Compounding pharmacy recalls drug after reports of infection
Missouri residents are likely familiar with the meningitis outbreaks that occurred last year. To date, more than 700 individuals have been impacted and 50 died, after they used contaminated steroid medication that was manufactured at a compounding pharmacy. Recently, after receiving news of adverse side effects, another compounding drug was recalled over contamination concerns.
The injection drug Avastin, was recalled after five people reported suffering eye infections after injecting the drug into their eyes. Avastin is used to treat an eye condition known as macular degeneration. An injection drug that is typically used in the treatment of cancer, the drug is manufactured by compounding pharmacies that mix the drug in smaller batches for alternative uses. Doing so allows patients access to the drug for roughly $50 per dose as compared to the approved drug, Lucentis, which costs nearly $2,000 per dose.
While few can argue over the importance of compounded drugs’ cost savings benefits, these pharmacies remain largely unregulated. The news of the most-recent Avastin recall shocked one woman whose husband died last summer after using the drug. The Avastin injection which the man received was tainted with bacteria. He suffered an eye infection which spread to his brain.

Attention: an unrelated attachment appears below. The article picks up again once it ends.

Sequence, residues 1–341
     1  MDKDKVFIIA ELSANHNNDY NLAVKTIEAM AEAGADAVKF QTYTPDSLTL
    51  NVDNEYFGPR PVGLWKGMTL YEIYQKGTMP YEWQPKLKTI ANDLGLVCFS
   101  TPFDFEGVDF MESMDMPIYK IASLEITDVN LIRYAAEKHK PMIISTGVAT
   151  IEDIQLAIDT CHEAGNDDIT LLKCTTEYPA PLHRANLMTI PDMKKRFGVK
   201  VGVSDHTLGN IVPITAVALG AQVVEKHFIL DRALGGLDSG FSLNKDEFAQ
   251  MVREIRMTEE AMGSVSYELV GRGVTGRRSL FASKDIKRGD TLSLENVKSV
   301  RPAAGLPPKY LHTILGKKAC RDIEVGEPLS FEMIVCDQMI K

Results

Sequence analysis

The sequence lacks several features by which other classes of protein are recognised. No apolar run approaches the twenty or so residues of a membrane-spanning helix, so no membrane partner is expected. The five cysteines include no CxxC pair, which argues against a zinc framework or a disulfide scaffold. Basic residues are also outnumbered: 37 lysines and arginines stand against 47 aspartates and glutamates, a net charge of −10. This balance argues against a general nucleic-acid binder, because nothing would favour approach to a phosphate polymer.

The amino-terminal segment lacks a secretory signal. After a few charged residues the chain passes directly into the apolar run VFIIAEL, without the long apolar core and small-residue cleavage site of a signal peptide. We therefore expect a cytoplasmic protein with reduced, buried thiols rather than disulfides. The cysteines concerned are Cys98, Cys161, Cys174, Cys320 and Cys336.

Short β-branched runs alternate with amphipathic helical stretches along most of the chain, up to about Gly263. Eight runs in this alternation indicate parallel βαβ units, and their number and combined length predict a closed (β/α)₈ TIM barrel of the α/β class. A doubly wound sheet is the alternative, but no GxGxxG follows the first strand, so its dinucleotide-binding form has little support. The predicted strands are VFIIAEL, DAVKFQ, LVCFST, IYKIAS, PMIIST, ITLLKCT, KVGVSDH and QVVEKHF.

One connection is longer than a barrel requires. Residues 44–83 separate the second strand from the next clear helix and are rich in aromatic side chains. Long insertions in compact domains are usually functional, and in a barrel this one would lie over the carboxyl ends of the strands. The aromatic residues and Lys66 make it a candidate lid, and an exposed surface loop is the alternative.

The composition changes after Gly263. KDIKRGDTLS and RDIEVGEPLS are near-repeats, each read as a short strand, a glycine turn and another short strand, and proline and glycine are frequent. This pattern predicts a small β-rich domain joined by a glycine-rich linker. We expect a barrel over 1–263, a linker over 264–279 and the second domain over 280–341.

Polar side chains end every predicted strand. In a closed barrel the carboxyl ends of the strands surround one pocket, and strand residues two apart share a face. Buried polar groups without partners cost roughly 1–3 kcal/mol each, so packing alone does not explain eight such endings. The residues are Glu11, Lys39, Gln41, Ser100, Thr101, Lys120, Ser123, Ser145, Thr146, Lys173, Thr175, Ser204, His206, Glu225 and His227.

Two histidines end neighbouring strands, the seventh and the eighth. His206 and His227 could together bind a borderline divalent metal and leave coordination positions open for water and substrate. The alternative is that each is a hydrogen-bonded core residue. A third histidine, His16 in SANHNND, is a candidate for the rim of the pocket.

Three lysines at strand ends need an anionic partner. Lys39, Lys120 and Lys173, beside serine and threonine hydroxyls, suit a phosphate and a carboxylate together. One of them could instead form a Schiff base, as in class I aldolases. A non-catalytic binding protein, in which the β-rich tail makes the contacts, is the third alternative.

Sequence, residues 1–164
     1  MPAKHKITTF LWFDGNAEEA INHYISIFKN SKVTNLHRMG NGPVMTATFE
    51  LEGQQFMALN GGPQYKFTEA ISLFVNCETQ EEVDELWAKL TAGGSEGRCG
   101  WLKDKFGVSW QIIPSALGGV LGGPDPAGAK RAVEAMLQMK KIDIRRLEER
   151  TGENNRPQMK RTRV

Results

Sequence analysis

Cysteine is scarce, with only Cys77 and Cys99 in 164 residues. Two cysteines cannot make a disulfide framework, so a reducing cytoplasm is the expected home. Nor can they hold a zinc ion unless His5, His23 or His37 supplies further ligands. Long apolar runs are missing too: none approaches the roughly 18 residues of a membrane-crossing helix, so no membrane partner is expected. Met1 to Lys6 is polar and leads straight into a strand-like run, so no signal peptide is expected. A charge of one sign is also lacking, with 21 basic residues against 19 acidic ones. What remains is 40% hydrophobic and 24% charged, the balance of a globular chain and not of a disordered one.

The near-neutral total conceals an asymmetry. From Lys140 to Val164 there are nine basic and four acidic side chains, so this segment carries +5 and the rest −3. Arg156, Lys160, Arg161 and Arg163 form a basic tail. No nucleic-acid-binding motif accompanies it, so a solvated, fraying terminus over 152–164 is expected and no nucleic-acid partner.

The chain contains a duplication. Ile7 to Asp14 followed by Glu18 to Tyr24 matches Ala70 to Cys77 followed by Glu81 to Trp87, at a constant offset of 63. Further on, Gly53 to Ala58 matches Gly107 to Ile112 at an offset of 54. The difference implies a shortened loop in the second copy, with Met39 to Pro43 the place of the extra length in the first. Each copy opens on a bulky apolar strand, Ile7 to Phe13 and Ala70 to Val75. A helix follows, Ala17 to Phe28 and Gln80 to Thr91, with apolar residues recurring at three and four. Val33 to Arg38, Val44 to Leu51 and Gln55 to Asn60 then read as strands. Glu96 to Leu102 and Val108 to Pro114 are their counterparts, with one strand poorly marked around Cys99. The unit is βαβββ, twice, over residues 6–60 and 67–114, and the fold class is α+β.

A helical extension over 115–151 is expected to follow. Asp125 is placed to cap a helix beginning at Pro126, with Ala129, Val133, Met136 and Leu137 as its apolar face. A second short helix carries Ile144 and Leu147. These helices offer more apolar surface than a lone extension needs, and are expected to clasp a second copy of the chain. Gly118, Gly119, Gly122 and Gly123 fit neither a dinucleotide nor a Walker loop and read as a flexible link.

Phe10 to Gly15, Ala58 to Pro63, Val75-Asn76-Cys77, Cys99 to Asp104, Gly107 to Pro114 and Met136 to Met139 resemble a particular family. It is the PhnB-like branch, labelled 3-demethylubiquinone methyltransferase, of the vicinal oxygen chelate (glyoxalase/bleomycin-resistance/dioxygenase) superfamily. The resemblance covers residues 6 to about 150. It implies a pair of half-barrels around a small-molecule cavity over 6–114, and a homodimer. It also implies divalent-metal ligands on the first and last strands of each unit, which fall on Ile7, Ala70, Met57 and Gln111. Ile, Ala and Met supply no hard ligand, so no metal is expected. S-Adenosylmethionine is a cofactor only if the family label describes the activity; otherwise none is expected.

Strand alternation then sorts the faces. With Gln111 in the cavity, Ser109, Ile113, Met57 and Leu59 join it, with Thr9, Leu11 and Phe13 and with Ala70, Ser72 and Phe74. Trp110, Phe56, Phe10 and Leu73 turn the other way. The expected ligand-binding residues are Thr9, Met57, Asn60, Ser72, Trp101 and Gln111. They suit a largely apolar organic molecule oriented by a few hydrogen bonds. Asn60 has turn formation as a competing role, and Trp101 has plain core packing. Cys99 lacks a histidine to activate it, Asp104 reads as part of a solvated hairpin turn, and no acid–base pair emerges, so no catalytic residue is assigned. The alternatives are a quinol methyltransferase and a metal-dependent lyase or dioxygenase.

While some safety advocates are calling on officials at the Food and Drug Administration to step in and provide more oversight of such compounding pharmacies, the FDA has been slow to act. While efforts have been stepped up to increase inspections, compounding pharmacies seem to fall into a gray area leading state and federal regulators confused over how best to deal with the problem.
Individuals who have received an Avastin injection would be wise to consult with their doctor and immediately report any adverse side effects. Additionally, it may be wise for impacted individuals to consult with a legal professional who can help determine if legal action is appropriate.
Source: The Tennessean, “Avastin compounder recalls eye drugs in another sterility scare,” Tom Wilemon, March 20, 2013